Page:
The Emergency Food Assistance Program and Emergency Feeding Needs Page: 7 of 20
The following text was automatically extracted from the image on this page using optical character recognition software:
the Agriculture Department's discretion. The dollar value of these commodities was
much larger than what is now provided under the program. The value of bonus foods
ranged from a high of slightly more than $1 billion in FY1984 to a low of $537 million
in FY1988. In addition, Congress typically appropriated $50 million a year for grants
to assist with distribution costs.
Beginning with FY1989, the value of discretionary bonus foods dropped
substantially as federal acquisitions/stocks waned, and the majority of the
commodities made available for TEFAP came to be made up of commodities
purchased specifically for the program. From FY1989 through FY1994, commodity
purchases ranged from $119 million (FY1994) to $160 million (FY1989 and
FY1993), while annual value of bonus commodities went from a high of $135 million
(FY1989) to a low of $48 million in FY1994. Appropriations for distribution-cost
grants dropped somewhat during this period, to $40 million by FY1994. Federal
support was lowest in FY1995 and FY1996 - commodity purchases were $65
million and $49 million; bonus foods were valued at $35 million and $14 million; and
distribution-cost grants totaled $40 million and $31 million.
Since FY1996, federal support (spurred by enactment of the set-aside of Food
Stamp Act funds for TEFAP) has grown noticeably, but it has not returned to the
levels reached in the 1980s or early 1990s. Commodity purchases went to $130
million in FY1997 and $100 million in FYI 998, but dropped to $90 million in FY1999
and then increased to $99 million in FY2000. The value of bonus commodity
acquisitions increased to $30 million in FY1997, $109 million in FY1998, $107
million in FY1999, and $162 million in FY2000. And spending for distribution-cost
grants was $42 million in FY1997, $46 million in FY1998 and FY1999, and $44
million in FY2000.5
Table 1 provides details on federal support for TEFAP over the years, including
the amounts included in the FY2001 Agriculture appropriations law, P.L. 106-387.
Current Status of Federal Support
FY1999. For FY1999, the Clinton Administration proposed using the full $100
million provided under the Food Stamp Act to fund TEFAP commodity purchases,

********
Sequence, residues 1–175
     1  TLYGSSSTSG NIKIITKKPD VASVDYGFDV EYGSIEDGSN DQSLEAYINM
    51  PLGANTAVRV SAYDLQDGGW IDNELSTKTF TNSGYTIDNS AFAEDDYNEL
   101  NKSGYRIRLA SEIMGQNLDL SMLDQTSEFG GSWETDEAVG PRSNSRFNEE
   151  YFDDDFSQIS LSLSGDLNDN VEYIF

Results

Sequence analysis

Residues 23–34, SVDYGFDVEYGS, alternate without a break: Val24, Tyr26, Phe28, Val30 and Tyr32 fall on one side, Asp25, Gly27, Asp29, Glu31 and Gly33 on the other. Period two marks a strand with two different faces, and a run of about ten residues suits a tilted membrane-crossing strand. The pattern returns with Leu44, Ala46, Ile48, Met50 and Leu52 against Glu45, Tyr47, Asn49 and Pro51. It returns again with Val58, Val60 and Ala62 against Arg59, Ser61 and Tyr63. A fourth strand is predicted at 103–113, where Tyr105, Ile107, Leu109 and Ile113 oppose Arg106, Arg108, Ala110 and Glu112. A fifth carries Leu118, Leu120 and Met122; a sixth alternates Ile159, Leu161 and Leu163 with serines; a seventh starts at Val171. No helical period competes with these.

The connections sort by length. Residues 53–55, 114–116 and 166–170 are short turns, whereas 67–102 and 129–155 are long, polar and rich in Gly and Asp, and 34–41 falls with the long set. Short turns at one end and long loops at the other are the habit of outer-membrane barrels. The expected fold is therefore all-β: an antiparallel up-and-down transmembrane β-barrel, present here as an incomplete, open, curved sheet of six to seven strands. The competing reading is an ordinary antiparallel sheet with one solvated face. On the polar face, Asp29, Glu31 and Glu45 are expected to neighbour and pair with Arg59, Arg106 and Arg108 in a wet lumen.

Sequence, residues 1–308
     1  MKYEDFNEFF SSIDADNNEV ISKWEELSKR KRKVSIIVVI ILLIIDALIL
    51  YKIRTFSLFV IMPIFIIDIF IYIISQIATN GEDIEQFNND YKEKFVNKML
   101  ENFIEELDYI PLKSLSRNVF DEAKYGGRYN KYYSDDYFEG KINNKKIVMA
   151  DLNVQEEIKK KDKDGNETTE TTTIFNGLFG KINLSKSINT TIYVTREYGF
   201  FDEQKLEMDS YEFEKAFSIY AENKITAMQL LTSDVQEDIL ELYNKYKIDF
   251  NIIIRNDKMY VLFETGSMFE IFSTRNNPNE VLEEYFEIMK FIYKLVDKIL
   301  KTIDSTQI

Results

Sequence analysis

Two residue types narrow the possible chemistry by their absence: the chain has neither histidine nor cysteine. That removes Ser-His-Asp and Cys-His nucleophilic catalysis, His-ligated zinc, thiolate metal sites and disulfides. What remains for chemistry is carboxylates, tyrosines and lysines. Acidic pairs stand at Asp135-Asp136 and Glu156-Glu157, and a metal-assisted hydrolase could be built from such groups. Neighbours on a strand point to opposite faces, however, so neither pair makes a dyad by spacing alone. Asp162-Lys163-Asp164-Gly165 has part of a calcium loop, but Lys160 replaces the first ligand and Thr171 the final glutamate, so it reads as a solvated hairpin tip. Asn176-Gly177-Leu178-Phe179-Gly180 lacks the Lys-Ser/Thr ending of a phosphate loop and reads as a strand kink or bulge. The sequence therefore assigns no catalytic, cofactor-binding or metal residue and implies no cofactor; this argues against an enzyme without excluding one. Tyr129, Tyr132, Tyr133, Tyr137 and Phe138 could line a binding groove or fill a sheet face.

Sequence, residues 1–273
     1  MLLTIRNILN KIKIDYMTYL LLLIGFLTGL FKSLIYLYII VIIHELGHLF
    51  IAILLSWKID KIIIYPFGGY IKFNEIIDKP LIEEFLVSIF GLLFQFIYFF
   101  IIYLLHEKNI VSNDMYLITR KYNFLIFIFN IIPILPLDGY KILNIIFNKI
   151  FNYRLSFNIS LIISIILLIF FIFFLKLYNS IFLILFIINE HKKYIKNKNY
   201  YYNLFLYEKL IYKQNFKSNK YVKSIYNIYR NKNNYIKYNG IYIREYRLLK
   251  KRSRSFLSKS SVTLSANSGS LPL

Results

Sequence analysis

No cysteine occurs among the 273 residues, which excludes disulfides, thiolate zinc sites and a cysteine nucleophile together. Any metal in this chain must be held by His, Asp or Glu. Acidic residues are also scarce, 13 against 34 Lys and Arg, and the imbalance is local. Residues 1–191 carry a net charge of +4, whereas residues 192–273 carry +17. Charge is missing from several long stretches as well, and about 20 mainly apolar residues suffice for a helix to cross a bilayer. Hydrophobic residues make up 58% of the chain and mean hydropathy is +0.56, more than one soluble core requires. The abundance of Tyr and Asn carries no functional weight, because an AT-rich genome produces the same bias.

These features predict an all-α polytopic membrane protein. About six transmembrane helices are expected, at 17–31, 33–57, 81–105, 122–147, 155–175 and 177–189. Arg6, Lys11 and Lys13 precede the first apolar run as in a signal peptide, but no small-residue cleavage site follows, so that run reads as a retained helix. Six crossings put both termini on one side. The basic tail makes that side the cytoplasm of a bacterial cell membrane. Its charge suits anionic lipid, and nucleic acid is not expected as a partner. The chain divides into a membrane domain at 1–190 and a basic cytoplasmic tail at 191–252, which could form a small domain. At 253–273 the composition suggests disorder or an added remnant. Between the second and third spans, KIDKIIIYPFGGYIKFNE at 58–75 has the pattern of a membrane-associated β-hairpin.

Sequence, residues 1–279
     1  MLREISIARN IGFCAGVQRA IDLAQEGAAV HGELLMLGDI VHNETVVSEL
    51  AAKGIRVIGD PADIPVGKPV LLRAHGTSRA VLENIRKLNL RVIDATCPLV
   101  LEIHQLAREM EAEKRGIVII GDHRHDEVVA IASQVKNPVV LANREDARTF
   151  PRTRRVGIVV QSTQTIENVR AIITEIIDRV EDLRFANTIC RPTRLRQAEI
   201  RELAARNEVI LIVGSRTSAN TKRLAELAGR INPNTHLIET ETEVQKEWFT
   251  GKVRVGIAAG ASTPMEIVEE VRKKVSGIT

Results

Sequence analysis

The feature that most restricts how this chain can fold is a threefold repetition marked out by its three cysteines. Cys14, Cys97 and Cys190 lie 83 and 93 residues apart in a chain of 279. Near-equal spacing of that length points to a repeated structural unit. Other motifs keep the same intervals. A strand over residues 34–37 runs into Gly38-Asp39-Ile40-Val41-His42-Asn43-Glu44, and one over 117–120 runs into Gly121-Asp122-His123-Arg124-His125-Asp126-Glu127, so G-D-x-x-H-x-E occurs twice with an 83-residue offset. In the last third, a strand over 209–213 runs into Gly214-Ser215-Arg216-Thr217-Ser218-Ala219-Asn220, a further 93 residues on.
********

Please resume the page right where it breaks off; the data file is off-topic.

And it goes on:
plus a $45 million appropriation for distribution-cost grants; no additional
appropriations were proposed for food purchases. Congress, however, chose to
provide less than requested. The House version of the FY1999 Agriculture
Department appropriations measure reduced the $100 million Food Stamp Act
TEFAP "entitlement" to $90 million, and the Senate version lowered it to $80 million;
both appropriated the full $45 million requested for distribution costs (still below the
authorized $50 million).
5These figures for distribution-cost grants are actual expenditures from amounts made
available under annual appropriations. They differ slightly from the appropriations
themselves (e.g., the distribution-cost appropriation for FY1998, FY1999, and FY2000 was
$45 million a year) because they reflect the reallocation of unspent money and transfers of
distribution-cost funds to the purchase of commodities.
Here’s what’s next.
This report can be searched. Note: Results may vary based on the legibility of text within the document.
Tools / Downloads
Get a copy of this page or view the extracted text.
Citing and Sharing
Basic information for referencing this web page. We also provide extended guidance on usage rights, references, copying or embedding.
Reference the current page of this Report.
The Emergency Food Assistance Program and Emergency Feeding Needs, report, August 24, 2001; Washington D.C.. (https://digital.library.unt.edu/ark:/67531/metadc805887/m1/7/: accessed April 25, 2019), University of North Texas Libraries, Digital Library, https://digital.library.unt.edu; crediting UNT Libraries Government Documents Department.